While avocados are produced year-round in Mexico, the country’s high season began in October and lasts through mid-March. The avocado consumption in Europe has been on the rise the past few years, and while attending Fruit Attraction in Madrid, Juan Escorcia from Jalisco-based avocado packing company Avocados Aguirre met with the secretary of agriculture for Spain.
Meeting with the Secretary of Economy
The meeting was set up by APEAJAL – the association for the production and exporting of Jalisco avocados – and was attended largely by avocado and berry producers. Juan says: “Jalisco is the number one exporter of agricultural products in Mexico and we have a good relationship with Europe. One major challenge with engaging in international trade is that you have to understand each other – you need to understand the context of the politics of the country the product is grown in, as well as the growing conditions, climate, etc. and then you also have to understand the destination and their import protocols. So meetings like this are always very productive in furthering this kind of understanding between each other.”
During the meeting, one of the main topics that was addressed was the pricing of the Mexican avocados. “Last year, a 4 kilo box of avocados cost around €16 but this year the price has risen to €18-20. This means that a kilo of avocados is being sold for around €5, which is more expensive than the avocados from other origins that are present on the European market. The simple explanation for this is that the demand exceeds the supply coming out of Mexico. This isn’t because we aren’t producing enough, but it is because the standards for exporting our product to Europe are really high and there are many hurdles and challenges preventing us from supplying them with more product,” Juan says.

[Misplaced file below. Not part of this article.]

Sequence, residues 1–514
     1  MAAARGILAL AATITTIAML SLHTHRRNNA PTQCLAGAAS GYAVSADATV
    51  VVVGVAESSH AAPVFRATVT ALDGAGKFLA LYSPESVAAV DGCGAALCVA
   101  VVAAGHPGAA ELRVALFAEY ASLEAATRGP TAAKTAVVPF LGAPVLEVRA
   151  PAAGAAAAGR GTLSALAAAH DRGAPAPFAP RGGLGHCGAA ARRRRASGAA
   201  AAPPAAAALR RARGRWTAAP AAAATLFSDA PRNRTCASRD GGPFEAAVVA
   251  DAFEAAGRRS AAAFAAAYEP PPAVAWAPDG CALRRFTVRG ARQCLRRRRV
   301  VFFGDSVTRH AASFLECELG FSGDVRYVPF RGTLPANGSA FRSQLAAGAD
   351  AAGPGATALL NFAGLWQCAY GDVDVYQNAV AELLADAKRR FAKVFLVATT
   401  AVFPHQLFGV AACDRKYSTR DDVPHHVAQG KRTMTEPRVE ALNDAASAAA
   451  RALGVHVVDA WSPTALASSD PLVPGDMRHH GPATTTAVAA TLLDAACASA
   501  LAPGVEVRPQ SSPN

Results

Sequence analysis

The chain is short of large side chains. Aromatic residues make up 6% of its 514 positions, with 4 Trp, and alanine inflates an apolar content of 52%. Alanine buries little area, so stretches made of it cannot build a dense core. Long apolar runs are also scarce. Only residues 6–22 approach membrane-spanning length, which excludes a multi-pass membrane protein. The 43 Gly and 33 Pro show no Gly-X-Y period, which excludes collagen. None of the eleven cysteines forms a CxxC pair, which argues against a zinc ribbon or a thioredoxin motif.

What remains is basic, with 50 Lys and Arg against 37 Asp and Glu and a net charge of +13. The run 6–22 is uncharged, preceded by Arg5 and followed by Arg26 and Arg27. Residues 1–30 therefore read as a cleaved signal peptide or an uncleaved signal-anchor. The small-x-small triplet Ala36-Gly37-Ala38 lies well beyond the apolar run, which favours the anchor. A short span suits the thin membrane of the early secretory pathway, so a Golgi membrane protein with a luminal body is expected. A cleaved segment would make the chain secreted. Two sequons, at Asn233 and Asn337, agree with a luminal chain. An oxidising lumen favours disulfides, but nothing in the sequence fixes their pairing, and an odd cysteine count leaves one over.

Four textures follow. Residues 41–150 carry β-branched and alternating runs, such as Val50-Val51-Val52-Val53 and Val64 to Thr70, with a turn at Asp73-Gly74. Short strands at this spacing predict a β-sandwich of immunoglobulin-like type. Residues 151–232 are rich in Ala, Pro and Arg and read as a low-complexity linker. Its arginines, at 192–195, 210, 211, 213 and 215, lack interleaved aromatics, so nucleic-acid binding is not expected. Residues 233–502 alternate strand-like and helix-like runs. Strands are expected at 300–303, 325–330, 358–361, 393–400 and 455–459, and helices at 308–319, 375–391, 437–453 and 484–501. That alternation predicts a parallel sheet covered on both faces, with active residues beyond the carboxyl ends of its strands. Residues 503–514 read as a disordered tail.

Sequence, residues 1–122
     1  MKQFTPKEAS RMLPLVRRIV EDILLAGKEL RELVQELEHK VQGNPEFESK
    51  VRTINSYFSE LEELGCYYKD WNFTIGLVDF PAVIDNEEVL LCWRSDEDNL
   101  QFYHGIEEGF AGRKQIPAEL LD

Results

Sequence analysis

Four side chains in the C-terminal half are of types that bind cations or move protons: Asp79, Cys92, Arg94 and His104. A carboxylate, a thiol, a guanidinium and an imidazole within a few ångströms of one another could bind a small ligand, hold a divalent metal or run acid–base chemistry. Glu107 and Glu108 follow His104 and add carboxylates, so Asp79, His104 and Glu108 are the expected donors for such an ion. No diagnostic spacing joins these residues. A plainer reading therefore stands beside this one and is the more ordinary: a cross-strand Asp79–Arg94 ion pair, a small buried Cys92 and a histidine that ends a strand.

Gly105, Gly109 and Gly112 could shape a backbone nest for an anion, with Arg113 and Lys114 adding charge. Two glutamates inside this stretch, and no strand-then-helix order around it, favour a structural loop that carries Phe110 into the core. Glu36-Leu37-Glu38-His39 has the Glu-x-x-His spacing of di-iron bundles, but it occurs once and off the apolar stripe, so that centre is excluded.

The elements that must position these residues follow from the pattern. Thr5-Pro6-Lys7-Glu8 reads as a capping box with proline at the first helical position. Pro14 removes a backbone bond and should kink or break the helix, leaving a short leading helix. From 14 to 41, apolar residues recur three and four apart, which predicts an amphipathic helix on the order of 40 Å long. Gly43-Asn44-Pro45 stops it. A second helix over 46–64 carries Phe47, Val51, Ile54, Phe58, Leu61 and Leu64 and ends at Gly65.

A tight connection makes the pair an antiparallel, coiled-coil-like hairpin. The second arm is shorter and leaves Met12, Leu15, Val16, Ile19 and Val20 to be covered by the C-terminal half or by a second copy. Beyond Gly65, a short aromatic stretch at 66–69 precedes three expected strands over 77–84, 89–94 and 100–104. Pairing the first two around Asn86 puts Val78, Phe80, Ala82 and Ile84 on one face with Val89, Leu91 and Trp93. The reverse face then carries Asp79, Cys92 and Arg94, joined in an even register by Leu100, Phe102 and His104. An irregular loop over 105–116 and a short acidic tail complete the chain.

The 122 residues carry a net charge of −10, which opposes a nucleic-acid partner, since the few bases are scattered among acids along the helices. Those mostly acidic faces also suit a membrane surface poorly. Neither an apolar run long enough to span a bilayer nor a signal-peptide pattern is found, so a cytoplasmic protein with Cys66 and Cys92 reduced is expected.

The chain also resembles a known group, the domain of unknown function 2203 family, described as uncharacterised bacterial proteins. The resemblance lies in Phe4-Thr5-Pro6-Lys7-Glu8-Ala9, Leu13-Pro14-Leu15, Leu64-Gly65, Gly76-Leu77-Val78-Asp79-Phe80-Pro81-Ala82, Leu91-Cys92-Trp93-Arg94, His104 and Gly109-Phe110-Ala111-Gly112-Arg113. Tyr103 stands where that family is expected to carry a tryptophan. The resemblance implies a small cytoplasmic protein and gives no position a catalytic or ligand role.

Successful meeting at Fruit Attraction
He explains: “The main difficulty comes from the MLRs, the certifications, and the sizes. Out of every 10 growers, maybe 2 or 3 will meet the MLR requirements, but then out of those, only one will also have the additional Global GAP certification that European countries require. Finally, that one grower can only sent a small selection of his entire harvest to Europe because they want large sizes – twelves through eighteens. So supplying to Europe is very difficult, not because we don’t have the volumes but because of the hurdles. Some countries have even higher requirements – specifically Germany and the United Kingdom.”
“The majority of the Jalisco avocado supplies are going into Canada and Japan. Other big markets are Hong Kong and the Middle East. The supplies going into Europe are much lower than they could be, even though the demand is high; we ship a good amount of avocados there, just not the volumes that we could be shipping. The meeting with the Spanish secretary was very productive in getting a sense of the different perspectives at play,” Juan concludes.